Makeup Makes Women Seem More Competent, Study Says

PHOTO: Composite photo of woman in various states of face makeup
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Wearing makeup has a significant impact on how people perceive women, making women seem more attractive, competent, likable and trustworthy, according to new research published this week.

Researchers at Procter & Gamble, Massachusetts General Hospital, Harvard Medical School, Boston University and the Dana-Farber Cancer Institute showed study participants photos of women either wearing no makeup or wearing one of three different cosmetic looks -- natural, professional or glamorous.

In the first study, subjects were first shown images of women, who were of different ages and ethnicities, for 250 milliseconds. In a second study, a different set of study subjects looked at the same photos for an unlimited amount of time so they could carefully inspect each face.

Study participants then rated the women in terms of competence, likability, attractiveness and trustworthiness.

"We found that when faces were shown very quickly, all ratings went up with cosmetics in all different looks," said Nancy Etcoff, lead author and associate researcher at Massachusetts General Hospital. "The women were judged as more competent, likable, attractive and trustworthy."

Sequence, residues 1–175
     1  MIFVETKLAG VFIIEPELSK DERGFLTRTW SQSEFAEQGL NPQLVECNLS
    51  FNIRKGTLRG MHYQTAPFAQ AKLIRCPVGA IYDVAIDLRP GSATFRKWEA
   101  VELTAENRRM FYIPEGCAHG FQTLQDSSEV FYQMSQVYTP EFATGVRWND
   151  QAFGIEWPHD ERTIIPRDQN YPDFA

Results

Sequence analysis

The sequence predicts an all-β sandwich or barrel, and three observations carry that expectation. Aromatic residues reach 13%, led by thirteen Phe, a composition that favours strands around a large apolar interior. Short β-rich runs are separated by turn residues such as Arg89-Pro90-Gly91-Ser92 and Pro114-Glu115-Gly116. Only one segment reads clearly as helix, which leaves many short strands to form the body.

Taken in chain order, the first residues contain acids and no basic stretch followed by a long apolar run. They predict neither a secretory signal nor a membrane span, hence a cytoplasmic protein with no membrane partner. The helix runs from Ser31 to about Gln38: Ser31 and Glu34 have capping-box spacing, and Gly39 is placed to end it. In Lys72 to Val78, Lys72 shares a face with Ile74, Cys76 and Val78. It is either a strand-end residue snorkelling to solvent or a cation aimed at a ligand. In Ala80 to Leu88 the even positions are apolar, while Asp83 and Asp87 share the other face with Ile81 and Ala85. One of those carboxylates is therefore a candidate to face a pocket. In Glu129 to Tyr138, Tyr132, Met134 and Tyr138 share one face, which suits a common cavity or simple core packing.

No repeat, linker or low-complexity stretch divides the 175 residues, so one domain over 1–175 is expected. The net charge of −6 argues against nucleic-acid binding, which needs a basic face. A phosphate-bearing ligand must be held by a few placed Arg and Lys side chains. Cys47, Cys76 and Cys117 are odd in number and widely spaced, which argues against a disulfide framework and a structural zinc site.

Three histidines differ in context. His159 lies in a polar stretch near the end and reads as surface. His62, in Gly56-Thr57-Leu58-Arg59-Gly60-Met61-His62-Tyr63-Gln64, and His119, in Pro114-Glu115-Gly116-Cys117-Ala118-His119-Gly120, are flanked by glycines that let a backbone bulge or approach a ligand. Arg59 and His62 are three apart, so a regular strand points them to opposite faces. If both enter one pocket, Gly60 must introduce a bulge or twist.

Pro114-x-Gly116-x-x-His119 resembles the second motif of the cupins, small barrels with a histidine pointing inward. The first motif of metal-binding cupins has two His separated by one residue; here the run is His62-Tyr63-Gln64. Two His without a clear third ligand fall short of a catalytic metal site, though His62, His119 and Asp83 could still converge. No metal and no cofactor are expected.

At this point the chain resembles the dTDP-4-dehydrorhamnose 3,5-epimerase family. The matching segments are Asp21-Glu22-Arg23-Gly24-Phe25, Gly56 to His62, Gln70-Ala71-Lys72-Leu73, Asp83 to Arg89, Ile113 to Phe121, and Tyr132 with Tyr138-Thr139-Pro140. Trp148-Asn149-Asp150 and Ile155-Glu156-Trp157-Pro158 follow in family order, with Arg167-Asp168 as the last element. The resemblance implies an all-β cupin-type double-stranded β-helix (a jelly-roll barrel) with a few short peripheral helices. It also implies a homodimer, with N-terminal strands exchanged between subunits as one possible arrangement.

But when subjects had the chance to examine photos for a longer period of time, the same perceptions didn't carry over.

"When they got to the more dramatic makeup looks, people saw them as equally likable and much more attractive and competent, but less trustworthy," Etcoff said. "Dramatic makeup was no longer an advantage compared to when people saw the photos very quickly."

Etcoff said the study findings should serve as a message to women that cosmetics could have an impact on how people perceive them in ways beyond physical attractiveness.

"In situations where a perceiver is under a high cognitive load or under time pressure, he or she is more likely to rely on such automatic judgments for decision-making," the authors wrote. "Facial images appear on ballots, job applications, web sites and dating sites."

Preference Begins During Infancy

"This phenomenon is present from birth," said Tiffany Field, a research professor at the University of Miami's Miller School of Medicine. Field was not involved in the cosmetics research. "Even newborns and young infants have a preference for attractive faces."

"One of the most discriminating features is the contrast effect," she added. As they add more makeup, there is more of a contrast effect -- the eyes are drawn out, the eyebrows and lips are in greater contrast. That's probably why newborns and infants can show a preference."

Despite the findings, experts say it's important for women to be comfortable wearing as much makeup as they want, even if that means none at all.

"This study shows that cosmetics enhance how others perceive your beauty, but there are other ways to feel beautiful," said Ann Kearney-Cooke, director of the Cincinnati Psychotherapy Institute. "Your warmth, confidence and energy attract others to you. There's nothing more attractive than a confident woman with a voice of her own, with her own style that comfortable in her own skin."

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